Inside the Lodge
In the lodge, a ladle full of water is poured on the stones. At first, the water is at odds with the rocks, until they unite to produce the moisture that fills the structure. The lodge mimics the womb. We sit in the warm, misty, moist fragrance of steam coming from ancient stones and herbs. I close my eyes to feel and breathe in the steam. When I open them, I see the others shifting to make themselves comfortable on their blankets. I’m touched by my neighbor’s knee and reach out to her for comfort.
The close quarters are starting to affect me. I’m tense. The familiar panic that accompanies an anxiety attack is threatening to overtake me. My throat is closing and I know I won’t be able to breathe in a few seconds. I look toward the door for a way out. I begin to talk myself out of the panic. I helped construct this lodge and I know how to exit through the wall if I need to leave and breathe outside in the open air.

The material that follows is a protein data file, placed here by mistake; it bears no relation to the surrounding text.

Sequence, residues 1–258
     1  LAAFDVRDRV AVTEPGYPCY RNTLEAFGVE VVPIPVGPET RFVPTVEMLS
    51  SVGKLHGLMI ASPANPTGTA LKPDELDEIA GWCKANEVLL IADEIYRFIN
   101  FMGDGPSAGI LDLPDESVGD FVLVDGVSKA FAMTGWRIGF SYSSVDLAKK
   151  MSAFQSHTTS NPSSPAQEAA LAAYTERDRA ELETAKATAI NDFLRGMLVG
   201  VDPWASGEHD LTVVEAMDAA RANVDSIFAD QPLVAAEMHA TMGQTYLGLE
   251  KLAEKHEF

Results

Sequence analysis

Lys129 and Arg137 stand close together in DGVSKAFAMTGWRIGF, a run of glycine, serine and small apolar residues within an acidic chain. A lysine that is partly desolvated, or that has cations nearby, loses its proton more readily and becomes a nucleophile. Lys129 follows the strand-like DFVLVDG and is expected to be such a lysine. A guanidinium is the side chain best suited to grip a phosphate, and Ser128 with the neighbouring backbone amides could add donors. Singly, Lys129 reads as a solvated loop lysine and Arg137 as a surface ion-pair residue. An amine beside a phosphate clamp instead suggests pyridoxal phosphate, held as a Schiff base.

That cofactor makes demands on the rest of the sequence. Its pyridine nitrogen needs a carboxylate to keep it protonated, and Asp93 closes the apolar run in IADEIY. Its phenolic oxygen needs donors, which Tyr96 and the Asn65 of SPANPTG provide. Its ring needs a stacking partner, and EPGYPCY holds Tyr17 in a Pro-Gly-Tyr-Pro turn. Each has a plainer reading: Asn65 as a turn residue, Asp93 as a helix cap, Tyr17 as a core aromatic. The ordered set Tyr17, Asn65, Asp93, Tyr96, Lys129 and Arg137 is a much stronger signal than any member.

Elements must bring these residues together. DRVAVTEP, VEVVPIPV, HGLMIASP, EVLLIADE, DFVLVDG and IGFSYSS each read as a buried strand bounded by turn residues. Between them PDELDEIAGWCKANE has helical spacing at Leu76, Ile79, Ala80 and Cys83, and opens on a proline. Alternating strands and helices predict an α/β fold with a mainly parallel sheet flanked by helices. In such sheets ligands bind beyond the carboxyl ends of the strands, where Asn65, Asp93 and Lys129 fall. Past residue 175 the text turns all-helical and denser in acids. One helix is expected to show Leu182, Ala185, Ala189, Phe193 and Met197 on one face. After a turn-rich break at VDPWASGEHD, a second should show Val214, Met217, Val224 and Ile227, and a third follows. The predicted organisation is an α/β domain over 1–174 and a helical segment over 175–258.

Vin is leading the ceremony. If I need help to leave, to run out of the lodge he’ll understand. No, I haven’t told him I’m claustrophobic. I’m sitting the furthest from the door. I guess I didn’t think things through before coming into the lodge.
The talk of stones was fascinating. Vin spent at least a week researching and looking for the right stones to use. He looked at lava stones but they were too fragile and would break down easily. In the end, he and the fire keeper chose large granite stones from a local quarry.
The stone people are ancient. They have seen many things over time. Their wisdom is sought by many. In this ceremony, they share their knowledge with the seekers. They share what they have seen. They will, however, give up their existence for the people in the ceremony.
The fire keeper will work on the fire and dig the trench that connects the lodge to the fire pit. He maintains the fire throughout the ceremony and delivers the hot stones to the lodge when the time comes.